Catching up on links and comments from this past week.
First, a couple book reviews in last Sunday’s NY Times Book Review.
First, a review by Adrian Chen of Suspicious Minds: Why We Believe Conspiracy Theories, by Rob Brotherton. Subtitle: “We are hard-wired to believe that nothing happens by accident”.
George Washington entertained conspiracy theories about the Illuminati.
Brotherton attacks the stereotype, which he says was popularized by the historian Richard Hofstadter in his influential essay “The Paranoid Style in American Politics,” of conspiracy theorists as a small band of tinfoil-adorned loonies — the paranoid fringe. Brotherton’s main argument is that we all possess a conspiracy mind-set to some extent, because it is hard-wired into our brains. “Suspicious Minds” details the various psychological “quirks and shortcuts” that make us susceptible to conspiracy theories.
For example, psychologists have discovered that we possess an “intentionality bias,” which tricks us into assuming every incidental event that happens in the world is the result of someone’s intention.
And especially this:
Paradoxically, the illusion of an evil, all-powerful conspiracy guiding events can be more comforting than the reality that humans are rarely in control.
And this review, by Robert A. Burton (author of On Being Certain: Believing Your Are Right Even When You’re Not, a book on my shelves), of two books, Black Box Thinking: Why Most People Never Learn From Their Mistakes — but Some Do by Matthew Syed, and Failure: Why Science Is So Successful, by Stuart Firestein.
More about cognitive biases, Daniel Kahneman, Steven Pinker, and whether we can overcome those biases. Can there be a program for self-improvement?
This problem becomes particularly acute when a book both outlines our deeply rooted behavioral inclinations and simultaneously suggests that they might be overcome. The better your argument for our inherent limitations, the weaker become your bootstrap suggestions for self-improvement.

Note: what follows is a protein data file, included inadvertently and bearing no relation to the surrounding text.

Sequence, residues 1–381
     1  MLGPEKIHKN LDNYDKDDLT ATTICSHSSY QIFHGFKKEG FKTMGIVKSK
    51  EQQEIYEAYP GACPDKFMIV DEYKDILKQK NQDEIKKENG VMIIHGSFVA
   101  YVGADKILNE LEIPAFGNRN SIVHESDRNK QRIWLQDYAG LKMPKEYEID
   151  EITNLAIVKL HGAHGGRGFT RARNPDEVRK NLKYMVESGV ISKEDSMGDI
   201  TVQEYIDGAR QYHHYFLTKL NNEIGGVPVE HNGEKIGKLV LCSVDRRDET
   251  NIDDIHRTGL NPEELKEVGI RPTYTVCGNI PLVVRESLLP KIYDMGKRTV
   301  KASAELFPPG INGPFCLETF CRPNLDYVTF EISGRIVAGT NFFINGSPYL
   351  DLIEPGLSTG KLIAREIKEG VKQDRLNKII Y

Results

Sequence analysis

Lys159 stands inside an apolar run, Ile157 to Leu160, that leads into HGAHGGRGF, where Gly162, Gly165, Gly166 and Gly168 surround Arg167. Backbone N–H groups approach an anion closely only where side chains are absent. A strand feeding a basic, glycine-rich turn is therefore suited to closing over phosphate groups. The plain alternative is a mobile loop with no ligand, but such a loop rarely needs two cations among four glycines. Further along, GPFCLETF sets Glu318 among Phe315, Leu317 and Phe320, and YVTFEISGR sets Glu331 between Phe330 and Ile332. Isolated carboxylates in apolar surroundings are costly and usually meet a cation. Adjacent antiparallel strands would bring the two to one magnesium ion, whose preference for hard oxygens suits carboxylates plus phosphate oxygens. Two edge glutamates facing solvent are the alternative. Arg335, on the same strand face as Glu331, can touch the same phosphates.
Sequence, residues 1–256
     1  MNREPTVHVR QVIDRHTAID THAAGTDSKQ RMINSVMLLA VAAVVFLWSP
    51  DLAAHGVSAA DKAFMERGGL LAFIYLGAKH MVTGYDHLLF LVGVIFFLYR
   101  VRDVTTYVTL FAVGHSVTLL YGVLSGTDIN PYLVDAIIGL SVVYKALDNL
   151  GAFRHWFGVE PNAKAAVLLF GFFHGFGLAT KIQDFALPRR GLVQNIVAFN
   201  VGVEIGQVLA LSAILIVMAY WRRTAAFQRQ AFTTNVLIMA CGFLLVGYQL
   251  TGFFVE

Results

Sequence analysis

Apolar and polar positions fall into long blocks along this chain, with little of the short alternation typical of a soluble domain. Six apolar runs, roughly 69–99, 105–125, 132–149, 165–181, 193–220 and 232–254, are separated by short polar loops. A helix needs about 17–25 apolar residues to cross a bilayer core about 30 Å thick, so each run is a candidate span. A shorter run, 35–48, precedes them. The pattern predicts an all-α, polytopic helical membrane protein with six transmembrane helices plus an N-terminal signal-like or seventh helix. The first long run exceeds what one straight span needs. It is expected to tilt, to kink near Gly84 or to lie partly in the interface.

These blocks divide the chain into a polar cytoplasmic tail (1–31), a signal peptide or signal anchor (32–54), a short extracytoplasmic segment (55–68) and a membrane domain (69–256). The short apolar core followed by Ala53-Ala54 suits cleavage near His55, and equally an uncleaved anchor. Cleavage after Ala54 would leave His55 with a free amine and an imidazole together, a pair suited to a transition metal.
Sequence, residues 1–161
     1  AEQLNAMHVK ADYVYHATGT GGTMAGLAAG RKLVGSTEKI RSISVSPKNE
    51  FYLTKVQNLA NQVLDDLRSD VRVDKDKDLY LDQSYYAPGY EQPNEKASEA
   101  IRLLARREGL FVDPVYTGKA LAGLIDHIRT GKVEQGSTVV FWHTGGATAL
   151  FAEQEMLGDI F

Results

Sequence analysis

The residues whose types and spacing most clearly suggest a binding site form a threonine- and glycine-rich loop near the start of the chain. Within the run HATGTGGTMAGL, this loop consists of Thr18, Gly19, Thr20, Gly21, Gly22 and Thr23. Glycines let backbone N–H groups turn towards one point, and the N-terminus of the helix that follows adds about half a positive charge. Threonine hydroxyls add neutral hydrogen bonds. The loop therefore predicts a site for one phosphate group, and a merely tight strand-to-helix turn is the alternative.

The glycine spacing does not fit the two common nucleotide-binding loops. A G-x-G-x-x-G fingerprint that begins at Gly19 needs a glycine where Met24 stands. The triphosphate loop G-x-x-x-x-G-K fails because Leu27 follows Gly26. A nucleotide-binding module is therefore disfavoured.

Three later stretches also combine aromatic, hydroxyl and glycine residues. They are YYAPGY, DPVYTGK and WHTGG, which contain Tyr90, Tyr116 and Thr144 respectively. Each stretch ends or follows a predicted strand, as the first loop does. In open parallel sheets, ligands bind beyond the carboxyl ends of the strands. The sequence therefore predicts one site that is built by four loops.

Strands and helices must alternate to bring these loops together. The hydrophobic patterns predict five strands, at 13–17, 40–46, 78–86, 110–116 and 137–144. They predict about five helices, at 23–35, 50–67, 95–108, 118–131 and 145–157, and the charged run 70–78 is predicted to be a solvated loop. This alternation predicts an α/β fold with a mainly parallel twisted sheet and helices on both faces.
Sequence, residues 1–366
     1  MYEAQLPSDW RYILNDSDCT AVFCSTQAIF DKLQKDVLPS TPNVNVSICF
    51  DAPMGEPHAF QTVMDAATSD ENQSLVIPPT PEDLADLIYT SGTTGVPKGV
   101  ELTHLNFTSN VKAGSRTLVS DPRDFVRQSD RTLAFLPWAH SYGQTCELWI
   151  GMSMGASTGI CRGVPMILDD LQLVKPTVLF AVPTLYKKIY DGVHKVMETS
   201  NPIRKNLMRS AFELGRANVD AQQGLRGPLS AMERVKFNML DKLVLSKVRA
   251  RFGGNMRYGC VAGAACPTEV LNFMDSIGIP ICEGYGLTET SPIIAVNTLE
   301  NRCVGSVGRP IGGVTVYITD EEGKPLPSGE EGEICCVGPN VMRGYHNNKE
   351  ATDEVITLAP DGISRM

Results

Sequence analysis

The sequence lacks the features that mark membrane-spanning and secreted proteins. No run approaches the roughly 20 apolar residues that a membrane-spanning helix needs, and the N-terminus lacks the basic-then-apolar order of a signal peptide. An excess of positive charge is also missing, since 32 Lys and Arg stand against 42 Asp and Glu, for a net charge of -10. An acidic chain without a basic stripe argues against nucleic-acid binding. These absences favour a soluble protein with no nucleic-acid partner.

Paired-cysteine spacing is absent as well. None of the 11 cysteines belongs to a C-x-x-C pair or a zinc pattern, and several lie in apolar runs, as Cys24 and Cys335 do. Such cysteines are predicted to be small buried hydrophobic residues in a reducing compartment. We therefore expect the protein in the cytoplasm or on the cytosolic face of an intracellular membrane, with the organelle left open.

Last week Michael Krasny, host of the nationally-syndicated radio program Forum, hosted a segment asking guests and callers What Have You Changed Your Mind About…And Why?.
What’s notable in this program about whether people have changed their minds about anything, and why, is that the political and scientific issues people have change their minds about are invariably from conservative/denialist positions to liberal/reality positions. Just saying. Note that the show is broadcast cross-country, so it’s not as if all the callers are from the relatively liberal Bay Area…
The Atlantic: All Stories Are the Same: From Avatar to The Wizard of Oz, Aristotle to Shakespeare, there’s one clear form that dramatic storytelling has followed since its inception, by John Yorke.
An essential essay about how stories work and why they are appealing.
Also this, from The New Yorker: How Stories Deceive, by Maria Konnikova.
More and more discussion of how humans think in terms of *story*, and how it’s hard for humans to understand aspects of reality that do not conform to a familiar kind of story.
My follow-on thought: while I’d like to think about science fiction as being a way to explore understanding of reality outside the usual parameters of human culture, I have to admit that still, SF consists of a body of *stories*, stories which are more or less successful depending on their appeal to human biases, and so, how can it be trusted to reveal anything new?
But actually, SF has to some extent anticipated this. More on this in next posts.